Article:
From the collections at the Leavenworth County Historical Society and Museum. Reprinted with permission from The Leavenworth County Historical Society and Museum and the Leavenworth Times. Donated by Debra Graden.
Daniel Read Anthony IV, co-publisher of The Leavenworth Times, was killed when the light plane he was piloting crashed and burned during a severe thunderstorm Friday in rugged hill country near the Ohio-West Virginia border.
He was 33 years of age.
The body was flown here yesterday by chartered plane from Wheeling, W. Va., 12 miles southeast of the crash scene.
The two-engined plane carrying the body put down at the Ft. Leavenworth airfield at 6:16 p.m. yesterday. It had bucked strong winds during the five hour flight of 760 miles from Wheeling.
Funeral service will be announced later.
A farmer saw the plane, a four-passenger single engine Cessna, losing altitude as it flew over a series of saw-toothed ridges.
The plane brushed trees atop Jug Run Hill, lost its tail section and then crashed mid-way up Gerke Run Hill one-half mile away.
Crews from five fire departments in the area formed lines and searched for the plane. Wreckage was spotted from the air by a search plane. Ohio state patrolmen found the tail section wedged in the ground.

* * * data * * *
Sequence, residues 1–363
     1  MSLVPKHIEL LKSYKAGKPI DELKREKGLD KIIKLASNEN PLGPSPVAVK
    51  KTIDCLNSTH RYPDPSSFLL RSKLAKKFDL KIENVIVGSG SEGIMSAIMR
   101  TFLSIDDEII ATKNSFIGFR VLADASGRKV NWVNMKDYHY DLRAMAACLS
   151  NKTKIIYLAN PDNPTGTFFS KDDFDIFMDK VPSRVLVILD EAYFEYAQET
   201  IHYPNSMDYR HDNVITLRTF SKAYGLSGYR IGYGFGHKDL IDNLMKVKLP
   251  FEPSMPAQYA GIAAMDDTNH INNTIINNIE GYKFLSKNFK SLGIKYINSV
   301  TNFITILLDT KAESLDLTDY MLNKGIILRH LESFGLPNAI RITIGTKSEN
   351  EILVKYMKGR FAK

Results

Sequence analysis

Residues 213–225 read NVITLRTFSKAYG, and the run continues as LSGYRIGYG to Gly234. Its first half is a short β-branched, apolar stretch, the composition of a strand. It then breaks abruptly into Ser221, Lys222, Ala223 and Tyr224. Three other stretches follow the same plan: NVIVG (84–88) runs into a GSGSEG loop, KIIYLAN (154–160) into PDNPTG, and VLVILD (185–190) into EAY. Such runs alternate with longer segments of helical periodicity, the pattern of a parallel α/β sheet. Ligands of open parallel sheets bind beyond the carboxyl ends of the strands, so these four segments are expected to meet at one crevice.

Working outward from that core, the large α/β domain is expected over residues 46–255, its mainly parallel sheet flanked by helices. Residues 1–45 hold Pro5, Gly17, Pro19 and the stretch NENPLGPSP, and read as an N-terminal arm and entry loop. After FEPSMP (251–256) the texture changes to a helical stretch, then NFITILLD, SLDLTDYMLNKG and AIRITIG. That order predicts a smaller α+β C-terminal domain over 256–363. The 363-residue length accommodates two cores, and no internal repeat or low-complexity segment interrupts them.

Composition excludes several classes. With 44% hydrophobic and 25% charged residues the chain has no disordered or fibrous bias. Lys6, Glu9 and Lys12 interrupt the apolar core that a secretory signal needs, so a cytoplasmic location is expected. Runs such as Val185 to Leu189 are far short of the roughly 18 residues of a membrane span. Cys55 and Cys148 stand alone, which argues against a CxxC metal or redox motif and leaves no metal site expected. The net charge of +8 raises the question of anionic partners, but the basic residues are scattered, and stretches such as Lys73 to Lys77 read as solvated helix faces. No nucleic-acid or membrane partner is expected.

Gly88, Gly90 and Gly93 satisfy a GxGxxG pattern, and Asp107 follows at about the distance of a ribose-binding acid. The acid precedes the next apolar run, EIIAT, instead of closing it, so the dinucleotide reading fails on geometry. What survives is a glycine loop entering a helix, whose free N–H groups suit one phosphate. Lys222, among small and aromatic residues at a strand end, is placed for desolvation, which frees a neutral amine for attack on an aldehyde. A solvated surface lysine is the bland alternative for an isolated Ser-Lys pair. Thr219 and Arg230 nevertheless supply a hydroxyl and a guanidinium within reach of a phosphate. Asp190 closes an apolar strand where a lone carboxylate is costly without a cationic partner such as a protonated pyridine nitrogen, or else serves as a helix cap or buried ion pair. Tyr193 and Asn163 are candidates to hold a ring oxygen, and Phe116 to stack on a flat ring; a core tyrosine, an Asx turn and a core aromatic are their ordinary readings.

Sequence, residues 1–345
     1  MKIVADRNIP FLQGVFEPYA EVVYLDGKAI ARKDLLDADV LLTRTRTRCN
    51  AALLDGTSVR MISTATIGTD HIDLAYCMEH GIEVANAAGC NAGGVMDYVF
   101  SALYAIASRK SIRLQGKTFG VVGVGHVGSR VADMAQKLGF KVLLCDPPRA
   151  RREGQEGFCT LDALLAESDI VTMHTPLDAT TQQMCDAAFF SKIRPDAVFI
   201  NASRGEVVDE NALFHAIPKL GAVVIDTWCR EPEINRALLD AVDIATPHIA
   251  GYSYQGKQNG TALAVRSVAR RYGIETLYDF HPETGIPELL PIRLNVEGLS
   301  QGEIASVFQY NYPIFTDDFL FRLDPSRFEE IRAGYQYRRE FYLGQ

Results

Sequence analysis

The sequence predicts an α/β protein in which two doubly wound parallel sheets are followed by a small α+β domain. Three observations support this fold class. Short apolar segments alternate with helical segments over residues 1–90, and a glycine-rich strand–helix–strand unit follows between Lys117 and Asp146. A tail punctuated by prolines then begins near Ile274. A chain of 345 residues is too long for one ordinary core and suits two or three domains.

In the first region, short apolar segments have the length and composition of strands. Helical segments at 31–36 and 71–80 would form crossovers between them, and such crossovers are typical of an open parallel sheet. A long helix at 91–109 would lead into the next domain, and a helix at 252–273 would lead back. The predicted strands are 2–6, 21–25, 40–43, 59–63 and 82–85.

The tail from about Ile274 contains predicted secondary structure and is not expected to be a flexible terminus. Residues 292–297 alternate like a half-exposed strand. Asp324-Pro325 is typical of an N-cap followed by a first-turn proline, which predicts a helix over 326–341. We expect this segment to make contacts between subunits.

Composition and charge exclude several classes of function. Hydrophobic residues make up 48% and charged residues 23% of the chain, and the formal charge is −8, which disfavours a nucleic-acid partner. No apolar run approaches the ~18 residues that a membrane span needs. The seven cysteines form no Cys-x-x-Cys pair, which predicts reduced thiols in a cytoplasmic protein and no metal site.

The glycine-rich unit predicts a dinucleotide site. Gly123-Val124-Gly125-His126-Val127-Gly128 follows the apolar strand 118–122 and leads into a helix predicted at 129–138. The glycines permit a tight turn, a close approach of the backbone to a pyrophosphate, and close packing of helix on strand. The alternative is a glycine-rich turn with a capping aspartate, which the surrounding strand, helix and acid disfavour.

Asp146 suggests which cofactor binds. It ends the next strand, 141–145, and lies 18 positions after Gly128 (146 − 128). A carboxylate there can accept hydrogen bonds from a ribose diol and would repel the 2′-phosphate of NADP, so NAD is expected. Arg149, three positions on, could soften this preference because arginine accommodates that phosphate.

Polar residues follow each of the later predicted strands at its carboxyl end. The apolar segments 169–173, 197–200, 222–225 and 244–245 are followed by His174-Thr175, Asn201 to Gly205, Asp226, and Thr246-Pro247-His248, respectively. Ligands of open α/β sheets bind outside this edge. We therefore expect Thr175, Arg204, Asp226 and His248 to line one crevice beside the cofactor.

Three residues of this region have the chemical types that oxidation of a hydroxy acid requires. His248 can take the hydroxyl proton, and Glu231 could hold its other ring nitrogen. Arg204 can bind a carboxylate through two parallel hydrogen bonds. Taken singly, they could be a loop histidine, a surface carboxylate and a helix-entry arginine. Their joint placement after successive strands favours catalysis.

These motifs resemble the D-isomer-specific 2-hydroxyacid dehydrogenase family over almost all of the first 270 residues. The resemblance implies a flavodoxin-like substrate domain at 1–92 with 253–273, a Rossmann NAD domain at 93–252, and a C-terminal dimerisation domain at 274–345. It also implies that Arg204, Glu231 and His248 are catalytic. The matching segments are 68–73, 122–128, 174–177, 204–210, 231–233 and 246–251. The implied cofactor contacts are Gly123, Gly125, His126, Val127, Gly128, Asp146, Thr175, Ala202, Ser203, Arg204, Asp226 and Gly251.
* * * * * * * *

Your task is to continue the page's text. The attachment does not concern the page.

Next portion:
Rescuers followed parts of the plane to where the engine had nosed into the hillside.
One member of the search party described the hill as "almost like a mountain. We had to dig in our heels and hold to trees to climb it."
Fireman used crowbars to pry apart the smashed cockpit.
Scene of the crash was on the Nellie Plintie farm between Smithfield and Dillonvale, Ohio. It is about 10 miles west of the Ohio river and some 15 miles northwest of Wheeling, W. Va.
It is almost on a direct line between Leavenworth and the New York airport where a receipt in his possession indicated he had gassed the plane.
Another Leavenworth flyer, Donald Doyle, operator of the American Printing Company, lost his life in a crash several years ago in this same area.
Mr. Anthony was returning to Leavenworth from Edgartown, Mass. He had flown his parents, Mr. and Mrs. D. R. Anthony III, to their summer home at Edgartown.
He had called The Times Thursday from Ohio to report he was weathered in and would be delayed a day.
Information was not immediately available regarding the location of his Friday take-off. The crash occurred shortly before 3 p.m. This schedule would have allowed him to return before dark to Sherman Army Airfield at Ft. Leavenworth where he had left his car.